News digest 22 August 2014

News digest 22 August 2014

22 August 2014

There’s still widespread coverage of the aftermath of James Foley’s execution, the Indie sums up the line best saying: “US president Barack Obama is calling the jihadists’ bluff” after he launched fresh air strikes against Isis targets while over in the UK prime minister David Cameron is back on holiday, make of that what you will.  But while Cameron enjoys yet another break, the results of his actions can be seen far and wide…

Look at the NHS, supposed to be safe in Tory hands it is anything but. That’s why the March for the NHS is continuing - with further coverage in the Morning Star – but more worrying is the headline in the Sun which says that half of all NHS trusts expect to be in deficit next year, with total debt estimated at £773 million. The Times warn about fears over new medics on the wards who will have had only two rather than seven years training, while the Express follows up on Unite’s call for trusts to stop penalising staff for doing their jobs, namely by charging them for parking. The paper is running a campaign against parking charges at hospitals and quotes Unite’s Martin Wright: “What the South Tyneside management is doing is immoral – the charges are extortionate. It is recycling NHS money from staff to boost the trust’s income.”

And talking of income, Cameron’s failure on the economy is also laid bare, with many of the papers noting that the government’s deficit reduction target is in doubt as tax revenues have come up short. July is normally a bumper month for revenues, but the government was forced to borrow some £239 million and borrowing for the year to date is up on last year, many commentators say the drag on revenues is due to wage freezes, so there’s a strong argument for giving Britain’s workers a pay rise. Don’t hold your breath.

And Cameron’s failure in education was also laid bare as the latest GCSE results saw a record fall in English passes and many schools expected to challenge exam board results due to the wide variation in results, the Times has a catty piece on how disgruntled students trolled Michael Gove on Twitter, but the blame does lie with the now ex-education secretary, with a few of the papers noting that in certain cases students now have better qualifications than their teachers after Gove relaxed requirements…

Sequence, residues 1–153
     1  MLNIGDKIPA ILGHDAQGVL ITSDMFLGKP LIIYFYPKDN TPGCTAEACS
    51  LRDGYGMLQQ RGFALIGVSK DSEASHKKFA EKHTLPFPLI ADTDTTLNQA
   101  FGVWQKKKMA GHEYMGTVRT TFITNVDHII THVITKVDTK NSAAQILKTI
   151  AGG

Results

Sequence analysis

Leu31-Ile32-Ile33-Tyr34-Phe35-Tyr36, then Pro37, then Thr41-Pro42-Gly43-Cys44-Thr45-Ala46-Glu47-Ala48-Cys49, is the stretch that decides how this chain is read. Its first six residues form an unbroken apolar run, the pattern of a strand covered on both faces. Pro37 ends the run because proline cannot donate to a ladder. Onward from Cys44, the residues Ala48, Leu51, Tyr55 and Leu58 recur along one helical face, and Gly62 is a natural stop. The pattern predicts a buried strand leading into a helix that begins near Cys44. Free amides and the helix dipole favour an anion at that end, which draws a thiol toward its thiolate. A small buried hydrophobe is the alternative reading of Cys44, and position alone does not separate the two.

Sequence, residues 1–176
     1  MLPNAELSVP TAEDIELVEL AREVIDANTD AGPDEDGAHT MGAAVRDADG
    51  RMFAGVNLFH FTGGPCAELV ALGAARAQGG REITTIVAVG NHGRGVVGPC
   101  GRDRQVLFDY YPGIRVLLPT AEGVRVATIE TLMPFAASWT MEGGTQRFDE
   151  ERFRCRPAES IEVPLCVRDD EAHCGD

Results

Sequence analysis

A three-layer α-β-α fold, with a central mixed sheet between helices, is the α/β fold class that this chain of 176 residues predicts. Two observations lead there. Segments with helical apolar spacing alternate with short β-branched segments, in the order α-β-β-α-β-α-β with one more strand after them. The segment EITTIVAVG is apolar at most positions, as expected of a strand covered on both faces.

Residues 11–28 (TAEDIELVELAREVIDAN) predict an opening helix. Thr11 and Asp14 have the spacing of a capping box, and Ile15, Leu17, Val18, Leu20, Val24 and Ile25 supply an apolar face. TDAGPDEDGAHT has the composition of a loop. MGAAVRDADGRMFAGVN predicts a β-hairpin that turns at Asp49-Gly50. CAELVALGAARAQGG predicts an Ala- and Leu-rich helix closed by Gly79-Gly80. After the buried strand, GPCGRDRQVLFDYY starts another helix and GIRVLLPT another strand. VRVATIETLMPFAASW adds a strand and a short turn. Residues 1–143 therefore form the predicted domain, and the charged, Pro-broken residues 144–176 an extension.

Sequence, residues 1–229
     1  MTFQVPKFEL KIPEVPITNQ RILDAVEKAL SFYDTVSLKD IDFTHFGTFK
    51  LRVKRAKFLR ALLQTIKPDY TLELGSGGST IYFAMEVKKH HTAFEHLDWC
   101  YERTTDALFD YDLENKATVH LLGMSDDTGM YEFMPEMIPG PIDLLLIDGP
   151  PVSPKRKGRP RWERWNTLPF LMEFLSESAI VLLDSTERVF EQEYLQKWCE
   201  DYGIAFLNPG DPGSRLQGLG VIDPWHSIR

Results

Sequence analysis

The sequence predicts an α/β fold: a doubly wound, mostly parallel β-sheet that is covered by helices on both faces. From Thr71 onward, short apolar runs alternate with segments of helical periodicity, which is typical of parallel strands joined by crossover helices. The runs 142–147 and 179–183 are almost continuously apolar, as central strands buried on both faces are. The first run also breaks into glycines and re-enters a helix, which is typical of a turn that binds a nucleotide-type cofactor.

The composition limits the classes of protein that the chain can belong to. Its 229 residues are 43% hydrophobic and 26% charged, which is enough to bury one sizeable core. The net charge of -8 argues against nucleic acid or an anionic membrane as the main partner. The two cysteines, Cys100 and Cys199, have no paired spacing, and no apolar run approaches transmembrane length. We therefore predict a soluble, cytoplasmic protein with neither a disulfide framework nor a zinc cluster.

But there is some light at the end of the tunnel for young workers as the Guardian reports that the number of young people that have been classed as ‘Neets’ has fallen as the labour market improves, but the Morning Star notes that workers under 30 have seen their pay drop by some 10 per cent since 2010. The Guardian says there is some hope for young workers, or not, as the diary notes that if you would like to work unpaid for a Tory MP there are currently a number of vacancies on the website for workers, but these ads are for ‘unpaid interns’ so as ever the Tories are still skirting around the law, and seemingly getting away with it, time for HMRC to get involved in enforcing the law, if there are any staff left that is, but perhaps it could be worse, they could get a role as an extra in the new film planned by Channel 4, it’s been dubbed: Clegg: The Movie and yes the biopic of the deputy prime minister can be expected to be as bad as it sounds, let’s hope they shoot an ending of him losing his seat in 2015 as the Lib Dems fade to nothing…

Edited by Mik Sabiers

  Morning Star

Daily Mirror

Sun (no links all stories now behind paywall)

  • Schools’ English grades slump (p2)
  • Half of hospitals face debt leaving NHS £773m in red (p7)
  • Lib Dem leader’s life to be turned into movie (p39)
  • Triple whammy for economy (p65) 



Times (no links all stories behind paywall)

  • Fears over new medics trained for two years (p1/4-9)
  • Extra debt may tie Osborne’s hands over election giveaway (p2)
  • Disgruntled students blame poor grades on Gove (p15)
  • MPs unite against Bercow’s choice of clerk (p18)
  • Labour extends lead in crucial Tory battlegrounds (p24)
  • Miliband blamed for high energy prices (p39)
  • Ryanair to ‘rescue’ Cyprus airlines (p42)
  • Bumper JCB payout lifts family fortune (p44)
  • UK wind turbine industry profiled (p46-47) 




FT (no links all stories behind paywall)

  • BofA settles for record $17bn (p1)
  • Food bills tumble (p1)
  • Uncertainty over Scots public spending plans (p2)
  • Weak income tax contributes to poor receipts (p3)
  • Rail subsidies tumble 40% as passengers pay more (p3)
  • Technology threatens to reshape banking – Gillian Tett (p11)
  • Sanctions hit Rosneft deal (p15)

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